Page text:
Faced with a shortage of lithium, a critical material in batteries, Wang has forged closer ties with producers of the metal. BYD Vice Chairman Lv Xiang-yang is also a director of Youngy Co., a lithium processor that announced in June that a subsidiary had won a major order from BYD. In March, BYD agreed to invest up to $442 million in Chengxin Lithium Group Co.., a supplier with projects in the Chinese province of Sichuan, as well as in Argentina and Indonesia.

“BYD is the most vertically integrated company I’ve ever seen, not just in the automotive space,” says Taylor Ogan, head of Snow Bull Capital, a hedge fund focused on green technology that owns stakes in both BYD and Tesla. “BYD already does almost everything that Tesla is trying to do and much more.”

The idea of produce well-equipped but relatively inexpensive electric vehicles for the masses is not new. Musk made headlines in 2018 when he said Tesla would launch a $25,000 car by 2021. That never caught on, and Musk repeated the promise in 2020, with a new deadline of 2023. But in January of this year, Musk told investors that the company was too busy with other projects to deal with a cheap car for the masses. Currently, the lowest-priced Tesla costs $46,990 in the US and 280,000 yuan once government subsidies are applied in China, its two biggest markets. By comparison, BYD’s cheapest EV is around 96 thousand yuan with subsidy.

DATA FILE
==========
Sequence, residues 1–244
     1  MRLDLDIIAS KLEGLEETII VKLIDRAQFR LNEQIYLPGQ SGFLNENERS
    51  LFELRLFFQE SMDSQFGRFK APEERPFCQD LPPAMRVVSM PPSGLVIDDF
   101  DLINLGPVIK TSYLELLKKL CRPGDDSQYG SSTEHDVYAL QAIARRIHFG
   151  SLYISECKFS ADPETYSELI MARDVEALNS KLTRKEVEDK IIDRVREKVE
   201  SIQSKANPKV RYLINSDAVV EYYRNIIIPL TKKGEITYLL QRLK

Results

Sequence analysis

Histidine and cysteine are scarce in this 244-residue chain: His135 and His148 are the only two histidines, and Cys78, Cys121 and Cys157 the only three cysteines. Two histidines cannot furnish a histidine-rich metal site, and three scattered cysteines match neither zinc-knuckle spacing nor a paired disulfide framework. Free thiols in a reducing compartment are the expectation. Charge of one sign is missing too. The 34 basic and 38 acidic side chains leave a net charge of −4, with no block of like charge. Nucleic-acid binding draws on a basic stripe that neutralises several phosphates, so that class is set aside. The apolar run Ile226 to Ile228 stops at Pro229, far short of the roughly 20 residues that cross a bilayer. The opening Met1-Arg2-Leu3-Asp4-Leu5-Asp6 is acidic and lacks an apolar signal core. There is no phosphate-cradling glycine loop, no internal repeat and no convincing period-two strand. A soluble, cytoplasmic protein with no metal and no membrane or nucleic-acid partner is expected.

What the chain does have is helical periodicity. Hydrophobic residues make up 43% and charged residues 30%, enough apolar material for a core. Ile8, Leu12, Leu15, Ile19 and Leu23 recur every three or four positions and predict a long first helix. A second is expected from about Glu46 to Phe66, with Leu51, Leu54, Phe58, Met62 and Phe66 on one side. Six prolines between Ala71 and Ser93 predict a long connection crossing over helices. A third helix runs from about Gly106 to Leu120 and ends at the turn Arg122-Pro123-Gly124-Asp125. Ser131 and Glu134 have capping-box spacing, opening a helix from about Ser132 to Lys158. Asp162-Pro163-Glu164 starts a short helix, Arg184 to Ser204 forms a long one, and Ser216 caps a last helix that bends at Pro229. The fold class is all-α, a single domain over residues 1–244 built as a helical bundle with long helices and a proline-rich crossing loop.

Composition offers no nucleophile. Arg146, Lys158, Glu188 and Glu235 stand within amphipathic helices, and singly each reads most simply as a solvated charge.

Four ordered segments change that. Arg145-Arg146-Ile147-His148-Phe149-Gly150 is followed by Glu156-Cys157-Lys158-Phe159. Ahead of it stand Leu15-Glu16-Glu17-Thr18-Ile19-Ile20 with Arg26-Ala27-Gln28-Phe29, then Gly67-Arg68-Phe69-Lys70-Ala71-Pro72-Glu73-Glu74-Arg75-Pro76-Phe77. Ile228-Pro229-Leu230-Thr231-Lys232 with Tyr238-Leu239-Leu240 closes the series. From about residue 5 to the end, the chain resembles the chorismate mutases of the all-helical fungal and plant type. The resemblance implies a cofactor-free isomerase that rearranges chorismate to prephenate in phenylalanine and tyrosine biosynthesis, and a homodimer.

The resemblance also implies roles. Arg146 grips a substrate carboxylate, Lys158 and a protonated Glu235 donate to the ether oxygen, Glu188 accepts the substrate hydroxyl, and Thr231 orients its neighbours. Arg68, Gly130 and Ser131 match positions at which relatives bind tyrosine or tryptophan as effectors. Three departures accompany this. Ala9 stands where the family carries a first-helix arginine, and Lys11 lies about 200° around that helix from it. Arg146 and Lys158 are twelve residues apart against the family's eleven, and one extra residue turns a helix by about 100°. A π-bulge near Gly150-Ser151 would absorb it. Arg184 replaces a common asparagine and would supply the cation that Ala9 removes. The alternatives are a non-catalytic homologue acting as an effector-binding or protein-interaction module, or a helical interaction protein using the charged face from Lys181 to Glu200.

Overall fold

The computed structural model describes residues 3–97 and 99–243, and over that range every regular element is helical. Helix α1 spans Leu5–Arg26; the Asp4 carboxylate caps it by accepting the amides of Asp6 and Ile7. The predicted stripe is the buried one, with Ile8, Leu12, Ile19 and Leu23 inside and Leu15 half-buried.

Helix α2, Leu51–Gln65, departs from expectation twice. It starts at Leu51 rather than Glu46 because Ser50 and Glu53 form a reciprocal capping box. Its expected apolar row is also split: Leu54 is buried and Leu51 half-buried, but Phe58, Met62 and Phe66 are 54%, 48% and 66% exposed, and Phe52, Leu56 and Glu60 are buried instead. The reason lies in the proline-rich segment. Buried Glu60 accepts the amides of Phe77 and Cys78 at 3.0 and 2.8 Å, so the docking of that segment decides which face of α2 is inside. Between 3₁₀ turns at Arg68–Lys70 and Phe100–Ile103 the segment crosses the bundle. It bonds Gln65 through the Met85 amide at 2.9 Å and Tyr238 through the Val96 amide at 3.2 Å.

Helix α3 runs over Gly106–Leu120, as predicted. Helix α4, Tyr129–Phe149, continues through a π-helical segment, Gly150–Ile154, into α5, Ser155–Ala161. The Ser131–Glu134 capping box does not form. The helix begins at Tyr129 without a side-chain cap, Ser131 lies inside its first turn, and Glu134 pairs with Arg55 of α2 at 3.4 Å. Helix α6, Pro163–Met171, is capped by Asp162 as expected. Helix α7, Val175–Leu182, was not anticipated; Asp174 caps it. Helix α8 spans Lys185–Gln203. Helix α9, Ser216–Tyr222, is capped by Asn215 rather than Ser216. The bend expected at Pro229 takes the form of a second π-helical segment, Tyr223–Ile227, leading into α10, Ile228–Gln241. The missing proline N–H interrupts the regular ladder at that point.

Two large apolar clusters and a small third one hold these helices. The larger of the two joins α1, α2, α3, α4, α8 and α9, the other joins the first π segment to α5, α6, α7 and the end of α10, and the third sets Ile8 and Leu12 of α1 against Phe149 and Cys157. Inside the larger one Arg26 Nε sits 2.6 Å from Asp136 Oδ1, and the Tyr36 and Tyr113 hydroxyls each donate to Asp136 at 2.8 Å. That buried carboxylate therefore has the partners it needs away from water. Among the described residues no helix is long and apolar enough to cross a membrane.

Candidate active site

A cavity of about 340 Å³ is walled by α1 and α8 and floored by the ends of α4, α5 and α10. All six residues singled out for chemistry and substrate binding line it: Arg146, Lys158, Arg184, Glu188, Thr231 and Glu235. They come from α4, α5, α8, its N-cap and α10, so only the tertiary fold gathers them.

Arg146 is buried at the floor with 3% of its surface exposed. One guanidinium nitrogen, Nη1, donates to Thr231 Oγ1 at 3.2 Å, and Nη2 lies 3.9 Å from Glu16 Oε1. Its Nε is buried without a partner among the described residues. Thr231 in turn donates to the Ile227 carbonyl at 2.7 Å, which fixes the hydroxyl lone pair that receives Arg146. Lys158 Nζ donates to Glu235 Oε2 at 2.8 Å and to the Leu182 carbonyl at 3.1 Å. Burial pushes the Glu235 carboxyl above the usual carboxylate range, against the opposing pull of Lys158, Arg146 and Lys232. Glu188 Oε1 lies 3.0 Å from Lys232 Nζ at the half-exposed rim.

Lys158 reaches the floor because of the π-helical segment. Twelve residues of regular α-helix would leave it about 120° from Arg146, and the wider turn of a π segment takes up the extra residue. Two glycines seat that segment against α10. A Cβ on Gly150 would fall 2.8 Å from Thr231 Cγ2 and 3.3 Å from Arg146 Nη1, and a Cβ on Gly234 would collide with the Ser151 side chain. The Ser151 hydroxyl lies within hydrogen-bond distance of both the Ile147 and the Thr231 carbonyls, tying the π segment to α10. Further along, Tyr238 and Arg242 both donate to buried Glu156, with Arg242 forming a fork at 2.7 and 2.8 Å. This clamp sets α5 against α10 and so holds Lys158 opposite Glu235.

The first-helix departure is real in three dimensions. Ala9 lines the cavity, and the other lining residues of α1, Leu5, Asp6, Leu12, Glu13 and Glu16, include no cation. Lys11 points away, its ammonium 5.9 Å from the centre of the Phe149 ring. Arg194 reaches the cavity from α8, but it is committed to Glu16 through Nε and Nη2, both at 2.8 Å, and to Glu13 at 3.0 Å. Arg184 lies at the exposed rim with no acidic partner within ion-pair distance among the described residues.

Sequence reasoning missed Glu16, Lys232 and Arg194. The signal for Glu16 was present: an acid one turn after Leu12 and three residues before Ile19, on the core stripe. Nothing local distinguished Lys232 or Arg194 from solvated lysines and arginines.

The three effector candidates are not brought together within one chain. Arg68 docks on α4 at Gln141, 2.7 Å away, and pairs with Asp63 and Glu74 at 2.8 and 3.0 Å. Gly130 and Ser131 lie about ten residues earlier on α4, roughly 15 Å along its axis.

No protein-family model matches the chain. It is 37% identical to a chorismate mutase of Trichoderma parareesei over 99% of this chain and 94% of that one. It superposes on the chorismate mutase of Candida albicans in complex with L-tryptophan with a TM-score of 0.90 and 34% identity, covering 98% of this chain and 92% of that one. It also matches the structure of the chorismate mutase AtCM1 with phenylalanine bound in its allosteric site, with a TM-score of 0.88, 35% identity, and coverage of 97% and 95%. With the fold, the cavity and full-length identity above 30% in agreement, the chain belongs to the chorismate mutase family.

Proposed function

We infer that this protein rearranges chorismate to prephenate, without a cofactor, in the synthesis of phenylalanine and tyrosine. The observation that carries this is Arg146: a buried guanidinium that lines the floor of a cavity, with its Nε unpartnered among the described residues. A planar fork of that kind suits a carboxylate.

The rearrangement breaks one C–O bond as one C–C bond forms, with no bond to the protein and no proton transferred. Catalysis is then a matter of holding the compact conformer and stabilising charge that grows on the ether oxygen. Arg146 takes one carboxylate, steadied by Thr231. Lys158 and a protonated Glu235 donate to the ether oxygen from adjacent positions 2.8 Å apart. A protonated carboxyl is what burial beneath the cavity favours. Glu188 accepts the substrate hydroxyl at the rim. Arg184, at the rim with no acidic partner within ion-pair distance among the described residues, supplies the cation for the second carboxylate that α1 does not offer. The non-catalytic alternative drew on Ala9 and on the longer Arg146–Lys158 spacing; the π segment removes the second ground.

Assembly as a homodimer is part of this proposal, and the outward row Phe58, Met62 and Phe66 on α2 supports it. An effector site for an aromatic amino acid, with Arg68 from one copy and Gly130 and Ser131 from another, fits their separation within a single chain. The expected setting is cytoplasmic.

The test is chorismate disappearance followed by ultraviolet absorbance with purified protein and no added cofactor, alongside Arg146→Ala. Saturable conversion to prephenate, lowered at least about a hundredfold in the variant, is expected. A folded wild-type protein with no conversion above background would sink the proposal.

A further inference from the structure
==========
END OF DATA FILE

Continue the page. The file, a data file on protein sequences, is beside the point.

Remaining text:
Australia is just one of the countries where Wang sees opportunities to replicate his company’s successful mass-market strategy. BYD accounts for about 26 percent of new energy vehicle sales in China, well above Tesla’s 11 percent, according to Citigroup. BYD has already started selling its Han electric sedan in Brazilforged deals with partners to open dealerships in Australia and New Zealand, and recently revealed plans to enter several countries, including Germany, Israel and Thailand.

Wang’s bet is that the expansion will give BYD a head start as the world transitions to electric cars. Outside of Tesla, most major automakers are still in the early stages of launching their electric cars. For BYD, that means “they have an opportunity to take hold and build a certain level of scale,” says Ben Selwyn, director of consultancy ACA Research. “There are not too many brands with competitive products at competitive prices.”

Wang’s strategy is working; BYD is already the third most valuable automaker in the world (after Tesla and Toyota) with a market capitalization of about 127.5 billion dollars). In April he reported that he had stopped making gasoline cars, and so far this year has sold 800,000 new-energy passenger vehicles, more than in all of 2021.